Conclusions

Consistent with the similar studies, non-functional adrenal adenomas typically do not show increased FDG uptake and a certain form of functional adenoma could present various FDG uptake in FDG PET/CT. Especially functional adrenal adenomas (cortisol secreting was the highest) showed increased FDG uptake in comparison to the non-functional adrenal masses. Therefore, setting a specific SUVmax value in the differentiation of malignant adrenal lesion from the benign one is risky and further studies, including a high number of functional adrenal mass are needed.

Open access

J Chycki, A Zajac, M Michalczyk, A Maszczyk and J Langfort

Objectives

The present study verified the effect of moderate-to-high-intensity aerobic exercise on the endocrine response profile and adipose tissue in young healthy men with different phenotype characteristics.

Design

Eighteen men were divided into three experimental groups with defined body components and specific physical fitness: Endurance phenotype – EP (n = 6; low body mass; low fat content; aerobic endurance trained), Athletic phenotype – AP (n = 6; high body mass; low fat content, resistance trained), Obesity phenotype – OP (n = 6; high body mass; high fat content, untrained).

Methods

The participants performed an progressive exercise protocol on a treadmill (30% VO2max, 50% VO2max, 70% VO2max), separated by 45 s of passive rest for blood collection.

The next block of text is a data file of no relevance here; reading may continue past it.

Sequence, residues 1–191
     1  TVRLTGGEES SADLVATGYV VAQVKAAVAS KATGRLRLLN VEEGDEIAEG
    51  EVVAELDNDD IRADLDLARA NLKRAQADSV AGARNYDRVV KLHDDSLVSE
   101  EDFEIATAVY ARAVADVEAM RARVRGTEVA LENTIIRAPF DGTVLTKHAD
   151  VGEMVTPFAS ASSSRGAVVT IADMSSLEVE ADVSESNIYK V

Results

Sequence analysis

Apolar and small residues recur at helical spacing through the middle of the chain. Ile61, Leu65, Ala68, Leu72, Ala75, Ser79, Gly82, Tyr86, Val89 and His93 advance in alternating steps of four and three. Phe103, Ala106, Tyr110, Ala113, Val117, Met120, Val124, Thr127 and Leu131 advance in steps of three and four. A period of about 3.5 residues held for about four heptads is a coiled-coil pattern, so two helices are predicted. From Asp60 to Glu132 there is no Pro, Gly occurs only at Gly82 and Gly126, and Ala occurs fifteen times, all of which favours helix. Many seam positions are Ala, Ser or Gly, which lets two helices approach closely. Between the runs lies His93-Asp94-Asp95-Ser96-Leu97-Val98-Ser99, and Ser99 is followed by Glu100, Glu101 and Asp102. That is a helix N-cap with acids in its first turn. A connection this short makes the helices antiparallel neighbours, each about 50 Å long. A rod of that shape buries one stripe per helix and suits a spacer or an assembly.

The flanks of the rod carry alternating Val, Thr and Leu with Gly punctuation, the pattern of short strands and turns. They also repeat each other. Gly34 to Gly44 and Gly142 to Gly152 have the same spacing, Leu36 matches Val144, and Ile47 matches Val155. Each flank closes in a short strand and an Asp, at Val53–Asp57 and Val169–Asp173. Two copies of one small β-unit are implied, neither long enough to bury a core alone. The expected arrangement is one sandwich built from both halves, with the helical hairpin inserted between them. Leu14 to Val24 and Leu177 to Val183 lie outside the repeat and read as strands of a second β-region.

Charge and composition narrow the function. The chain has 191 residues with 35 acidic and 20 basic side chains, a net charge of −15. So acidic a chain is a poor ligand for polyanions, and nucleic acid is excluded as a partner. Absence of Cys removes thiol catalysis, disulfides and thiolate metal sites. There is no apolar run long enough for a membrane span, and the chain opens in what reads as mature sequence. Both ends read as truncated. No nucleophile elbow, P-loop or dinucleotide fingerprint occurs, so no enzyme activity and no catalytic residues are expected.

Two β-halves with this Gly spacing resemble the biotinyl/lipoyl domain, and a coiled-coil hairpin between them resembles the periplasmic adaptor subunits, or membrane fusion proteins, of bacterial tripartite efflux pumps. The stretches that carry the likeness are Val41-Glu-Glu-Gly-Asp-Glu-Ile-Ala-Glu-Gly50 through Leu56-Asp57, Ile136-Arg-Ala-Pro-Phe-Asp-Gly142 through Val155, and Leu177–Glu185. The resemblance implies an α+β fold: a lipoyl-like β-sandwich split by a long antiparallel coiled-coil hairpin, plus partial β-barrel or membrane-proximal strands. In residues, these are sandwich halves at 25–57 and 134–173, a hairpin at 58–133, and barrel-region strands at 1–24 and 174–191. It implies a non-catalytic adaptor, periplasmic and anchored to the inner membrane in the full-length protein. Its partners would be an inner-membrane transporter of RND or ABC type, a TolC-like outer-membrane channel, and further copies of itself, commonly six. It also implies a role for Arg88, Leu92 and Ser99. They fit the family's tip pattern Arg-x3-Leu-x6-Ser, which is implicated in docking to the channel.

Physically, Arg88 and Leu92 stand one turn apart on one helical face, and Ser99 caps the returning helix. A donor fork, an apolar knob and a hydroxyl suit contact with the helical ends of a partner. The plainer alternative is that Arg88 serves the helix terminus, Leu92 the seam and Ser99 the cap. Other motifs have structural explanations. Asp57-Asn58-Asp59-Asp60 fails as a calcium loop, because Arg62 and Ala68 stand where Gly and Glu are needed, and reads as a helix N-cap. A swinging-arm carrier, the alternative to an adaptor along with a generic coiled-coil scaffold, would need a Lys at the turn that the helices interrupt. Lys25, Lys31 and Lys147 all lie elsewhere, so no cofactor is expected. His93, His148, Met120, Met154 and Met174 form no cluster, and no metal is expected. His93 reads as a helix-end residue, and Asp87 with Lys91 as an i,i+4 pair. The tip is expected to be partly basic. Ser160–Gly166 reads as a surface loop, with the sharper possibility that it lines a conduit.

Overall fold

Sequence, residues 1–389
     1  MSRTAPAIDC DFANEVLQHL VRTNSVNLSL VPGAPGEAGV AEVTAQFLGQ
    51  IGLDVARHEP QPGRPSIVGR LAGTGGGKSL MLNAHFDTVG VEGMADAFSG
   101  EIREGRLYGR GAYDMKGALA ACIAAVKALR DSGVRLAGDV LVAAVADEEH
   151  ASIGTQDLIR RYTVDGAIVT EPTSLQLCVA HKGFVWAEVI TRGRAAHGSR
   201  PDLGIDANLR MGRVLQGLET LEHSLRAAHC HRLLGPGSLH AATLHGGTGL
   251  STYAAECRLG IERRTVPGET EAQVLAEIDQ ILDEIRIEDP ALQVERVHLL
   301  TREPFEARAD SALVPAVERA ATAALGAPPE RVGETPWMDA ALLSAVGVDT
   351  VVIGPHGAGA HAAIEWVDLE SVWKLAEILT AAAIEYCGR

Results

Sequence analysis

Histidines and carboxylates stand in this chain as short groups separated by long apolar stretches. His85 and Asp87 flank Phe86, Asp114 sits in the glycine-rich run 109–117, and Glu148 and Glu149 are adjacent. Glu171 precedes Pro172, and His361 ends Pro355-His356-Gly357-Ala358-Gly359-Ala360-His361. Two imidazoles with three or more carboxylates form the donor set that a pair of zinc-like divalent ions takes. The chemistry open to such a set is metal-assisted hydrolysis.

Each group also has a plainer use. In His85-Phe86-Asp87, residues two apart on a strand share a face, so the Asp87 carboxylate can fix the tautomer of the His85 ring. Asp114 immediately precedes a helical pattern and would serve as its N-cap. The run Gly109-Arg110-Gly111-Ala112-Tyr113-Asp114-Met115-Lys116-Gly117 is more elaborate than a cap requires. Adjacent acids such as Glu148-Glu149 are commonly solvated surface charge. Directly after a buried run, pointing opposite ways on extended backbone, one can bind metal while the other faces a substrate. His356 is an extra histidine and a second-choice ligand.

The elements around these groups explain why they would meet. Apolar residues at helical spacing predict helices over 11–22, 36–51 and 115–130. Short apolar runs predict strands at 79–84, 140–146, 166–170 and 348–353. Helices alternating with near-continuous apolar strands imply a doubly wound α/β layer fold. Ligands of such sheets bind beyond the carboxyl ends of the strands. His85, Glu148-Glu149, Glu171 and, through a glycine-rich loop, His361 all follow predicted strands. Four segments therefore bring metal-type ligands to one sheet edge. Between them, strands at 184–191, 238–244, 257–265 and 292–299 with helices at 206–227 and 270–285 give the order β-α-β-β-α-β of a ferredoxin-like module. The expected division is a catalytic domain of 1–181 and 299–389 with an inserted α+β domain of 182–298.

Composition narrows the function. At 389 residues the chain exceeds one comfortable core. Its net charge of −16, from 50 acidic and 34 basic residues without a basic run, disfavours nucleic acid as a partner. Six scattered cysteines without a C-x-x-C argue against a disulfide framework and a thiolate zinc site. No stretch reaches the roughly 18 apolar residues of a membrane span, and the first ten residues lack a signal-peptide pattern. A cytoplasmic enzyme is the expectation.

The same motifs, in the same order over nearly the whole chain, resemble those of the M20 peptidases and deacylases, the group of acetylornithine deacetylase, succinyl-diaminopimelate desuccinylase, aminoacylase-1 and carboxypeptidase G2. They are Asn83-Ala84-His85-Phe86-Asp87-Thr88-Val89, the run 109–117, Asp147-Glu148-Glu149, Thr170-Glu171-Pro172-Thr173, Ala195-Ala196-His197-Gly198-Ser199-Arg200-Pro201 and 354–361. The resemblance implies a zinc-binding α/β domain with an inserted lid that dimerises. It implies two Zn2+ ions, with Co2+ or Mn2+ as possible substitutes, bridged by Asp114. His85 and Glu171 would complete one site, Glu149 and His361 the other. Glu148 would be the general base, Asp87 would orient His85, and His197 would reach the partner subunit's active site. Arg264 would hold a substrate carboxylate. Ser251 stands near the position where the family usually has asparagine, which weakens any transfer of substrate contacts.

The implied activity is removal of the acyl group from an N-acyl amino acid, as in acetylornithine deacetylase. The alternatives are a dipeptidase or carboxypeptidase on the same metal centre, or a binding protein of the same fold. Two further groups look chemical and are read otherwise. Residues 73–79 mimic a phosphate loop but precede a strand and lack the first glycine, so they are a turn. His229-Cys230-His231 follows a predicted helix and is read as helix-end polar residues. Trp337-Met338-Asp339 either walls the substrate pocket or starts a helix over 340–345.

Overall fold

Results

Plasma glucose oxidation increased in relation to exercise intensity, but to a greater extent in the AP group. The free fatty acids’ plasma level decreased with a rise in exercise intensity, but with different kinetics in particular phenotypes. Plasma growth hormone increased after the cessation of exercise and was significantly higher in all groups 45 min into recovery compared to resting values. Plasma insulin decreased during exercise in all groups, but in the OP, the decrease was blunted.

Conclusions

The results indicate that the rate of lipolysis, hormonal and metabolic response to aerobic exercise depends on the individuals’ phenotype. Thus, exercise type, duration and intensity have to be strictly individualized in relation to phenotype in order to reach optimal metabolic benefits.

Open access

Jakob Høgild Langdahl, Anja Lisbeth Frederiksen, John Vissing, Morten Frost, Knud Bonnet Yderstræde and Per Heden Andersen

Aim

This case–control study aimed to examine impairments in glucose metabolism in non-diabetic carriers of the mitochondrial mutation m.3243A>G by evaluating insulin secretion capacity and sensitivity.

Methods

Glucose metabolism was investigated in 23 non-diabetic m.3243A>G carriers and age-, sex- and BMI-matched healthy controls with an extended 4-h oral glucose tolerance test (OGTT). Insulin sensitivity index and acute insulin response were estimated on the basis of the OGTT. This was accompanied by examination of body composition by dual-energy X-ray absorptiometry (DXA), maximum aerobic capacity and a Recent Physical Activity Questionnaire (RPAQ).

Results

Fasting p-glucose, s-insulin and s-c-peptide levels did not differ between m.3243A>G carriers and controls. Insulin sensitivity index (BIGTT-S1) was significantly lower in the m.3243A>G carriers, but there was no difference in the acute insulin response between groups. P-lactate levels were higher in carriers throughout the OGTT. VO2max, but not BMI, waist and hip circumferences, lean and fat body mass%, MET or grip strength, was lower in mutation carriers. BIGTT-S1 remained lower in mutation carriers after adjustment for multiple confounding factors including VO2max in regression analyses.